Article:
If you believe that some internal force is driving people then of course it makes wonderful sense to ascribe causality to these forces. However if you hold that human beings are actually just a part of the same universe as the rock we talked about earlier then it stands to reason that our brains are subject to the same laws of physics as a pebble falling to the floor.

In other words our behaviour is a product of our environment.

When you can understand that human behaviour is a product of environment not internal forces then you realise how stupid it is to say a person doesn’t do their work because they are lazy.

It makes no sense.

We can describe not doing work as lazy but how can we say it is the laziness that caused it? It’s like saying it’s sunny today because it’s sunny.

It’s circular logic.

Try this; turn the logic on it’s head.

In the words of Scott Adams (Dilbert creator) stop thinking in 2D and start thinking in 3D.

3D thinking means thinking about behaviour as a result of external, environment factors. A person doesn’t do their work because they have never been rewarded for it. You overeat because the pleasure from it far outweighs the negatives. Your behaviour occurs because the environment has selected for it.

When you start to think like this you see human behaviour in a whole new light. We’ll talk more about this in future blogs.

Confirmation Bias

This article was originally posted at The Behaviour Guy

If you’ve ever had any formal science training you’ll have come across the concept of Confirmation Bias.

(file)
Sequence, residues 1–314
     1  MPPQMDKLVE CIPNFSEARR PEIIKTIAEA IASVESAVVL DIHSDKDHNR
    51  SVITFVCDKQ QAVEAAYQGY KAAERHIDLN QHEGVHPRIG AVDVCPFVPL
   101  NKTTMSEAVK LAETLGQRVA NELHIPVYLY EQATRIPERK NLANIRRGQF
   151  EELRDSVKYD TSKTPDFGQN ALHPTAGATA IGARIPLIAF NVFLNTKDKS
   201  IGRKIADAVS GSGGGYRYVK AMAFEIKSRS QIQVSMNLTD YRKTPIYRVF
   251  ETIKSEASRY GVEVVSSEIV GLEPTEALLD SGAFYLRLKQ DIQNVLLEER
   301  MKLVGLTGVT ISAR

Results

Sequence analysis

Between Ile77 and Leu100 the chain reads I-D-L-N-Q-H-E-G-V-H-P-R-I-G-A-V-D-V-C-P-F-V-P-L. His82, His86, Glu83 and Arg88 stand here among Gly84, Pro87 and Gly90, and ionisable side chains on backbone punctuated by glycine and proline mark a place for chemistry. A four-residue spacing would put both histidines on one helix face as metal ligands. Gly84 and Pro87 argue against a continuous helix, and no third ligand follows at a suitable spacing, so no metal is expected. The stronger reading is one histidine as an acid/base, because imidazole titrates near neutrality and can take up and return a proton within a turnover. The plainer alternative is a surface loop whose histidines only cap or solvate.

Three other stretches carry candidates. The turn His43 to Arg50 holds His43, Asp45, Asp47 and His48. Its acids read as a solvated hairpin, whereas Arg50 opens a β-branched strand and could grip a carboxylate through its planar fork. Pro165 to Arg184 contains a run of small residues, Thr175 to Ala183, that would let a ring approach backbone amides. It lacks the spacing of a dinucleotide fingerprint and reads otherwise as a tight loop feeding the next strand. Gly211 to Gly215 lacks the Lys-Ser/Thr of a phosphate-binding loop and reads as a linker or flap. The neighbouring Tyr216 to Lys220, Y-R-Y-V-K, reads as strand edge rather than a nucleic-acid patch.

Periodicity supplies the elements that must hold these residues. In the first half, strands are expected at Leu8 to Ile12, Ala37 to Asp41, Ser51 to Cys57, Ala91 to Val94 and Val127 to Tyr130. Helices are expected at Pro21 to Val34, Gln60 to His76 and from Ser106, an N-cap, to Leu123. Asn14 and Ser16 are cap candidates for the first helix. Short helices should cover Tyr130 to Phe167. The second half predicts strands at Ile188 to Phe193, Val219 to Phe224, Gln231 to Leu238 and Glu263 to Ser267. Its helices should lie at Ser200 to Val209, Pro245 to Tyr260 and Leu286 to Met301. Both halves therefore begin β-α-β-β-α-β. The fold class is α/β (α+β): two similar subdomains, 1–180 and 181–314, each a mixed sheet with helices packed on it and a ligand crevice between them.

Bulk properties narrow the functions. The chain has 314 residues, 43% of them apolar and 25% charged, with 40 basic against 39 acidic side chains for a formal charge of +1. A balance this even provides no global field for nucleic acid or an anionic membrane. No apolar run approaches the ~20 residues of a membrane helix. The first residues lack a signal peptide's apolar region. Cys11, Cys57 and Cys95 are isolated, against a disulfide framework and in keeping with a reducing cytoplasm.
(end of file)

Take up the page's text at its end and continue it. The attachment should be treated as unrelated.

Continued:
This is not a post about confirmation bias, as such. If you understand the nature of human psychology – that we are, in Scott Adam’s words “Moist Robots” – then you must understand that we are not rational creatures but rationalising creatures. 

As Professor Jonathan Haidt discusses in his book The Righteous Mind we feel first and rationalise later.

We feel first and rationalise later

Depending on our upbringing and environment we respond automatically – called Stimulus Control – to triggers or cues on the environment – called Discriminative Stimuli or Sd.

Let’s break that down. We like to think we are rational beings responding logically and correctly to external events. Input – Process – Output. This computer metaphor is at the heart of modern cognitive psychology and has it’s roots broadly speaking in the Enlightenment Movement of Western Philosophy.

Modern behavioural science tells us a different story. The process is actually reversed. We behave in a certain way, then feel a certain thing, and finally create a nice narrative to explain it. 

This is where confirmation bias comes into play. It would be virtually impossible to actually see the world objectively and completely. We would literally never get anything done. The alternative is to filter out the world and see only what we need to see. This is called fitness or function.

Two Examples

Let’s explore two examples; the Trump phenomenon and the Red Pill movement both of which are heavily polarising topics. Chances are you have an opinion on at least one of these movements.

 Let’s look at Trump first, look at these two articles;

Story One

Study Two

Both present a particular view of Donald Trump. Both are selectively reporting facts. Depending on how you feel about Donald Trump you’re reaction will be positive, negative, indignant, or indifferent.

Ok let’s look at two more, these are all about “Red Pilling”.

Story One

Story Two

Again, facts are selectively given. Opinions are stated. And once again you will have an immediate, visceral reaction to one or both of these stories for a number of reasons.